New Body Scanner Software Introduced by Transportation Security Administration

In response to the public outcry and ridicule regarding the revealing images of passengers produced by airport security checkpoint scanners which use millimeter wave and backscatter imaging technology, the Transportation Security Administration, or TSA, responded as the TSA debuts new full-body scanner software, gradually releasing its newest version of airport checkpoint security scanner software to existing hardware at airports around the United States, starting with Las Vegas.

Instead of having a revealing image of you be examined in a private security booth by an unknown Transportation Security Administration agent, the latest airport checkpoint security scanner software will instead show a silhouette on a small screen attached to the scanning booth where one cannot tell whether the person is male or female, theoretically protecting one’s privacy.

Still, skepticism abounds, with some FlyerTalk members still pledging to “opt out” rather than trust the Transportation Security Administration and the latest airport checkpoint security scanner software — if they decide to travel again, as a few FlyerTalk members apparently vowed not to do…

3 thoughts on “New Body Scanner Software Introduced by Transportation Security Administration”

  1. GA says:

    This “enhancement” doesn’t address the health concerns and lack of monitoring/oversight/regulation related to these machines.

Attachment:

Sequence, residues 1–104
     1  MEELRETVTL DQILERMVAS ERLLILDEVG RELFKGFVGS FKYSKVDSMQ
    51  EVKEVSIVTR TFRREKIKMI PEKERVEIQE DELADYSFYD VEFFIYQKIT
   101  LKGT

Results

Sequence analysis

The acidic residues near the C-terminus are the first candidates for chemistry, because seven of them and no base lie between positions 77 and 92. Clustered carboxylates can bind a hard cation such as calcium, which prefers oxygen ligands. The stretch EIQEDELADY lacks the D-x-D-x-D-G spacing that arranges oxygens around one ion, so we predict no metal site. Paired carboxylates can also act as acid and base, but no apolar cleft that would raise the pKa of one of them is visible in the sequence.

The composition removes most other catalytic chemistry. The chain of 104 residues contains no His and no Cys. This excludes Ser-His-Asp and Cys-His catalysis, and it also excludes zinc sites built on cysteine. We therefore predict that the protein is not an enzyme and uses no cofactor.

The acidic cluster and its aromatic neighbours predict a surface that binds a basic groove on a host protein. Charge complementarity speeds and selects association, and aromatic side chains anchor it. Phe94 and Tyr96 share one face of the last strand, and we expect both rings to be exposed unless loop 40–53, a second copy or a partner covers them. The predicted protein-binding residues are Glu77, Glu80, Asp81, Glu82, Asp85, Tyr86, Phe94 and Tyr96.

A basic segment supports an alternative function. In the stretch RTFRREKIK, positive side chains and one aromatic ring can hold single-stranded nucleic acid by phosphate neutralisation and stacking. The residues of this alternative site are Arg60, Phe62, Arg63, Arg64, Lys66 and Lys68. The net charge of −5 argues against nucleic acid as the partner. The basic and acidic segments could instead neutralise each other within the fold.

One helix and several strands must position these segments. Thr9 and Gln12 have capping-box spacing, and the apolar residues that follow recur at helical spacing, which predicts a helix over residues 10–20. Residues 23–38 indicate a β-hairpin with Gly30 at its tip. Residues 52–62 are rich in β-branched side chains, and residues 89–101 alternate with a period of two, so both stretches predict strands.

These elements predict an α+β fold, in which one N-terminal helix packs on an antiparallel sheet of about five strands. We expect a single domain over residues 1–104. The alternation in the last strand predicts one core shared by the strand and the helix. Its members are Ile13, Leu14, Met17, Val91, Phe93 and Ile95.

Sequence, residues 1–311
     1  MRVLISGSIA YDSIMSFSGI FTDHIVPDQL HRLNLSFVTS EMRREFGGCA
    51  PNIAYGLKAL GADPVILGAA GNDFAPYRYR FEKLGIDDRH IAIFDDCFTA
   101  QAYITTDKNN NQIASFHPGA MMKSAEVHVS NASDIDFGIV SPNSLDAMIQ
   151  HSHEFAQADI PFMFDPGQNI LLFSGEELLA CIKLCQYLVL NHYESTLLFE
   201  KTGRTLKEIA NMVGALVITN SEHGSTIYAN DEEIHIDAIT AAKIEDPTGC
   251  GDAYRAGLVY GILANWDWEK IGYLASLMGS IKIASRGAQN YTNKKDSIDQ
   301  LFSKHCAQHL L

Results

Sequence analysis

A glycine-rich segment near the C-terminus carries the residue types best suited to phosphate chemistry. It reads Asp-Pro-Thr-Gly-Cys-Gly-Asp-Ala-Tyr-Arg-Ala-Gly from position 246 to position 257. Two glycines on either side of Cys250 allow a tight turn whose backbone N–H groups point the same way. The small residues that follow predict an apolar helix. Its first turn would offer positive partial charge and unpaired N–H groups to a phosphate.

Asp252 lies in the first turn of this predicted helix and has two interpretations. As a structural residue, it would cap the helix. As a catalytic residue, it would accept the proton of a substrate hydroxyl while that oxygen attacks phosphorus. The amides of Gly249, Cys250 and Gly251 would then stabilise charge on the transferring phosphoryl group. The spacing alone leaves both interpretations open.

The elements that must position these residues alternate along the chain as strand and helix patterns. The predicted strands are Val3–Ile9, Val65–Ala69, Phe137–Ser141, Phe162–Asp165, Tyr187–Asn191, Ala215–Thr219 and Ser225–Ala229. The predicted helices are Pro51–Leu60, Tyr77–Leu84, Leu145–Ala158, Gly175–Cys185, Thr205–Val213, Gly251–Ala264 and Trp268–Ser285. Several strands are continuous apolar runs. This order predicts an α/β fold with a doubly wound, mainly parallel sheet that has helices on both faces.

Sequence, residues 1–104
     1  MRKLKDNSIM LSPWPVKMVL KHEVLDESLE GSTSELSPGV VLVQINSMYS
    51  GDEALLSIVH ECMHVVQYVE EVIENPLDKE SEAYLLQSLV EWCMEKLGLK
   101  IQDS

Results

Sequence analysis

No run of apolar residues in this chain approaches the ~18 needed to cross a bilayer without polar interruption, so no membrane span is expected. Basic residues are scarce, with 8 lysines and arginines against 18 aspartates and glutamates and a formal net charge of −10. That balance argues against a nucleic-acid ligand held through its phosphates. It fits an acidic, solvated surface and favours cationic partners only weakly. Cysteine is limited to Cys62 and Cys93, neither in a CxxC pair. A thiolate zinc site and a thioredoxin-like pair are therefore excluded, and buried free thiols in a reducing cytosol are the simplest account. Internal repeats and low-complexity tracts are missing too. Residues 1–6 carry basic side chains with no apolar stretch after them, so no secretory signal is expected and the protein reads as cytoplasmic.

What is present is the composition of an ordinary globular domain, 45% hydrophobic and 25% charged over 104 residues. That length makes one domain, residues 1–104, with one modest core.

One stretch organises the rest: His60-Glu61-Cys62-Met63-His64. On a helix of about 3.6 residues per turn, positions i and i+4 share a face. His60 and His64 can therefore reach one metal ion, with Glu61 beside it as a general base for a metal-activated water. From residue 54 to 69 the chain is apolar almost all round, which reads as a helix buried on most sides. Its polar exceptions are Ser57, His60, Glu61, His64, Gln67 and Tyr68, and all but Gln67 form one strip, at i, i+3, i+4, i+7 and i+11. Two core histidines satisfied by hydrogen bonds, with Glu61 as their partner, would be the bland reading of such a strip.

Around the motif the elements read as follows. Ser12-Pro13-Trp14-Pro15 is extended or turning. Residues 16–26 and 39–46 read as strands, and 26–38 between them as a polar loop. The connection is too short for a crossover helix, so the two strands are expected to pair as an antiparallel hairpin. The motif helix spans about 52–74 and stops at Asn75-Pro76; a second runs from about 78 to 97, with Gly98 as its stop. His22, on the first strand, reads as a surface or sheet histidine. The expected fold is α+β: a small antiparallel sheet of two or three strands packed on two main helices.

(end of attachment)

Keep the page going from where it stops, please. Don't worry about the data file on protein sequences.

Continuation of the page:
It’s yet another show by TSA and who knows, could’ve even have been the plan from the get-go to make the scanner such a big deal that this small concession would seem as an acceptable compromise. When it comes to TSA – Trust Nothing!!

    On those few occasions I still travel and must fly, I will be opting out.

  2. Mike says:

    Interesting at Logan airport this morning. Every flyer was sent through the backscatter scanners in Terminal E for SouthWest flights. Never seen that happen before. It was relatively quiet, so maybe the TSA were bored or there was some specific threat…

  3. Mike says:

    For me it’s not about the image itself – it’s about the radiation exposure from being scanned by these machines scores of times a year – most especially the Backscatter technology.

    I will continue to opt out.

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